It is hard to argue the case against gay marriage using the language of metropolitan liberals
I had a mild vested interest in listening to Any Questions last Friday evening. After all, it was being broadcast from my old school: Farnborough Hill Convent. Actually, the school is a convent boarding school no longer: it is a Catholic day school for girls “situated in 65 acres of parkland…and is committed to the education of the whole person”, as presenter Jonathan Dimbleby explained to his invisible audience.
The first two questions, on our involvement in Afghanistan and on the Coalition’s lack of vision, did not make me sit up. It was the third question, on the imminent government consultation paper on homosexual “marriage” and the statement of Catholic Archbishop Vincent Nichols about it, that got me concentrating – mainly to hear what panel member, Cristina Odone, former editor of the Herald, had to say in her reply.
(The other panel members, Eric Pickles, Communities Secretary, Emily Thornberry, shadow attorney general and Jonathan Freedland, Guardian columnist, did not exactly fill me with confidence that they would support marriage as it has traditionally been known and understood.)
I confess that although I always enjoy reading Ms Odone’s articles and often agree with her, I was disappointed here. By emphasising that “marriage works” and that it is good for children and good for spouses – “marriage makes people happy” – she unwittingly scored an own goal. All the other panel members predictably jumped in to make the same point that David Cameron has been making of late: if marriage is such a good thing, why don’t we spread the happiness a little wider and extend its benefits to same-sex couples?
Although Odone went on to say that same-sex couples ought to be content with the legal protection that civil partnerships gives them, the damage had been done: her point was completely brushed aside by the other panellists’ enthusiasm for this new idea: Freedland was certain that it would enhance marriage rather than undermine it; Thornberry thought marriage is about love rather than children; and Pickles opined that although civil partner ships were “good”, marriage was “better.” (In hindsight one can see that “civil partnerships” were never going to satisfy their proponents; the phrase has a grey, legalistic, bureaucratic ring to it compared with all the connotations conjured up by the word “marriage.”)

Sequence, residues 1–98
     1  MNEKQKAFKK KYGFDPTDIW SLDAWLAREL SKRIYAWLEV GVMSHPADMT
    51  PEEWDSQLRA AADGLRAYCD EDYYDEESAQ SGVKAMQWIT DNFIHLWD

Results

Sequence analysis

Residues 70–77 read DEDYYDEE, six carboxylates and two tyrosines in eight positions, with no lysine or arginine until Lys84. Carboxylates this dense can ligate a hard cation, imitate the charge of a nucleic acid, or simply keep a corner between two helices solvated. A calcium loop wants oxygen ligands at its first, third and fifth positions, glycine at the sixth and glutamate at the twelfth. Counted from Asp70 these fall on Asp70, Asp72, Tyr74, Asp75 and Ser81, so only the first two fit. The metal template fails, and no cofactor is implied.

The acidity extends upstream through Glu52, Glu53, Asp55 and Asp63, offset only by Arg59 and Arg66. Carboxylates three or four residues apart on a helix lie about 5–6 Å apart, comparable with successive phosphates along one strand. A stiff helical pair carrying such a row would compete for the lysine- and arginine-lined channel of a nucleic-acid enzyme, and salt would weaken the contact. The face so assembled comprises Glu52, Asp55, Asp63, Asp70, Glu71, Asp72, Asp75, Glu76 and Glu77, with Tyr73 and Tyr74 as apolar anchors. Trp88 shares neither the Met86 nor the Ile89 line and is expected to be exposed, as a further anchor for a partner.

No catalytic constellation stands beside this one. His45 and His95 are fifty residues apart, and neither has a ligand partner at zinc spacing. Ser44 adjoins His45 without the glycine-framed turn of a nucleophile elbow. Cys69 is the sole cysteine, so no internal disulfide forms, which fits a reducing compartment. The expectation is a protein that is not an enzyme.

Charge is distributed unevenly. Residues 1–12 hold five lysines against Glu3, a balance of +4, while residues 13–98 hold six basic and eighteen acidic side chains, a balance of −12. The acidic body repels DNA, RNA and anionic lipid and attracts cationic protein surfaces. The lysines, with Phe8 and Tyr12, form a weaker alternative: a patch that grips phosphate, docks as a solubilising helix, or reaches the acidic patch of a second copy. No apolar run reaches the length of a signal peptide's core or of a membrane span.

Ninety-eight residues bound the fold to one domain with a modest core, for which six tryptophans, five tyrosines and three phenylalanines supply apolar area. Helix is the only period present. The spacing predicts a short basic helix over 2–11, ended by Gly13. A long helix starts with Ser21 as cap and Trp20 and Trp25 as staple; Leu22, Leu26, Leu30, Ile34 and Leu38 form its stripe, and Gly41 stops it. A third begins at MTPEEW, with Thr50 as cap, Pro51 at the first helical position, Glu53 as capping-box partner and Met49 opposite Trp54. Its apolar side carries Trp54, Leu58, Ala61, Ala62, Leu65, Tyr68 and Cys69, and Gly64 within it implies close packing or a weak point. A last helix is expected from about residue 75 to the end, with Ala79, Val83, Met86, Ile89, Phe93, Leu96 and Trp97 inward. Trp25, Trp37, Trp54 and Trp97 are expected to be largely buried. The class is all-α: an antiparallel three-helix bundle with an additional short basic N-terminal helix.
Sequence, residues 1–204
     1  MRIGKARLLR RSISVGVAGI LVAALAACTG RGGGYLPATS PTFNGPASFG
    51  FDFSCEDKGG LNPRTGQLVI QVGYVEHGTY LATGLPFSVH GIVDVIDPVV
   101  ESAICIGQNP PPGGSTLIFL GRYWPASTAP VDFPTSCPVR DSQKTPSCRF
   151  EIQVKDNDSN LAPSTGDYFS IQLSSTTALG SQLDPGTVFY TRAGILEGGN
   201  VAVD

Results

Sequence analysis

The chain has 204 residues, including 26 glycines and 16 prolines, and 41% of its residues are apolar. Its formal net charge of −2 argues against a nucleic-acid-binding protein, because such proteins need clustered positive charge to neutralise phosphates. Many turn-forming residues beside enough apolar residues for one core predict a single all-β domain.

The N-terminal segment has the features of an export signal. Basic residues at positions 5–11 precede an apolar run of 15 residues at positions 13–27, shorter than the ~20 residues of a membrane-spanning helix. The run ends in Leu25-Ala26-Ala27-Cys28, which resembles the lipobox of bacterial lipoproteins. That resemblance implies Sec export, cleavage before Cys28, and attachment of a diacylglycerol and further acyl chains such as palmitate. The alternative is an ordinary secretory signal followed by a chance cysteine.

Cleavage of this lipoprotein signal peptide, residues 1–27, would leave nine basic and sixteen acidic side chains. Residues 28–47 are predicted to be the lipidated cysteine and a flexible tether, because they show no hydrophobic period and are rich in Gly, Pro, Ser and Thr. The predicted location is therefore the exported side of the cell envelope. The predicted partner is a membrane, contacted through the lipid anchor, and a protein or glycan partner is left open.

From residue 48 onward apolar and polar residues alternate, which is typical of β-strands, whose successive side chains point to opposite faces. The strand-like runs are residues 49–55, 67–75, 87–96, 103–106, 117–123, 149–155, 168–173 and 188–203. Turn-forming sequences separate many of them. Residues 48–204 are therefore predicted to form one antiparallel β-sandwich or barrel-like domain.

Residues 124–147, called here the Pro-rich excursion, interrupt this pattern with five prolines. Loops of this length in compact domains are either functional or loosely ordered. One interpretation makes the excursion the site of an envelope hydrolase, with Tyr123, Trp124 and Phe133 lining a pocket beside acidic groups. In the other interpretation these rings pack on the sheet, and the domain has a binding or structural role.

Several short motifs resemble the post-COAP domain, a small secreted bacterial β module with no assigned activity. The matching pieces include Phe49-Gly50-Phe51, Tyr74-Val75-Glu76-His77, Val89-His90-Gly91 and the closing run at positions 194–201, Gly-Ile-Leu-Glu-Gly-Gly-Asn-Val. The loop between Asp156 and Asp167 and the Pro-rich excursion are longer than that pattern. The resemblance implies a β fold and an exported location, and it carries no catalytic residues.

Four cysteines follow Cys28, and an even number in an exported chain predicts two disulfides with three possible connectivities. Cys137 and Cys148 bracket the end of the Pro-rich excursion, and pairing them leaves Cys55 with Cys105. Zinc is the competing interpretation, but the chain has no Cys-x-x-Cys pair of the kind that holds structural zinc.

Unfortunately Odone further confused the issue – from a Christian perspective at least – by telling Dimbleby that she disagreed with Cardinal Keith O’Brien’s courageous statement on the subject; marriage wasn’t natural, she said. My heart sank. What she actually meant was that, given human selfishness, it is very difficult for two people of the opposite sex to stay together amicably for life; but what she conveyed to the audience was that the Cardinal was wrong in quoting the Universal Declaration on Human Rights, that marriage is a right which applies to men and women and “the family is the natural and fundamental group unit of society…”
The only way to counter the metropolitariat, for instance Nick Clegg in the Telegraph on Saturday, saying that “marriage is all about a couple… showing love for each other”, or Matthew D’Ancona in yesterday’s Sunday Telegraph, making the deeply non-conservative statement that “The case for gay marriage is… profoundly connected to the preservation and enhancement of inherited institutions”, is to state robustly and with conviction, as Archbishops Nichols and Smith did in their text read out by every parish priest at Mass yesterday, that “the roots of the institution of marriage lie in our nature. Male and female we have been created, and written into our nature is this pattern of complementarity and fertility.”
Their excellent statement, in which the word “children” is mentioned several times, concludes that if the definition of marriage is changed “there would be no recognition of the complementarity of male and female or that marriage is intended for the procreation and education of children.”
My colleague Stuart Reid has pointed out to me an insightful on-line article by Brendan O’Neill, editor of Spiked, in which he analyses the push towards same-sex marriage: “Its driving force, the reason it has been so speedily and heartily embraced by the political and media classes, is because it is so very useful as a litmus test of liberal, cosmopolitan values. Supporting gay marriage has become a kind of shorthand way of indicating one’s superiority over the hordes, particularly those of a religious or redneck persuasion.”
He is dead right. By accident I happened to listen to ‘The Now Show’ on Radio 4 on Saturday morning. This programme, made up of “comedy sketches and satirical comments”, spent a shameful amount of time falling about laughing at a certain stupid old Scottish cardinal, who dresses up in a frock and biretta and who has such bigoted views on a subject he obviously knows nothing about. The team was hysterical at its own crude jokes. That’s the media classes for you.
Although I have been critical of Christina Odone’s performance on Any Questions, she also has my sympathy. Would I have had the courage to stand out against my metropolitan co-panellists and risk being mocked by them? I don’t know. I rather wish our parish priest had been on last Friday evening’s panel. When introducing the Archbishops’ statement on Sunday, he described the intended legislation as “outrageous”. When I asked his permission to quote him in my blog he said I could add the further remark: “I hold David Cameron and the Coalition in contempt.”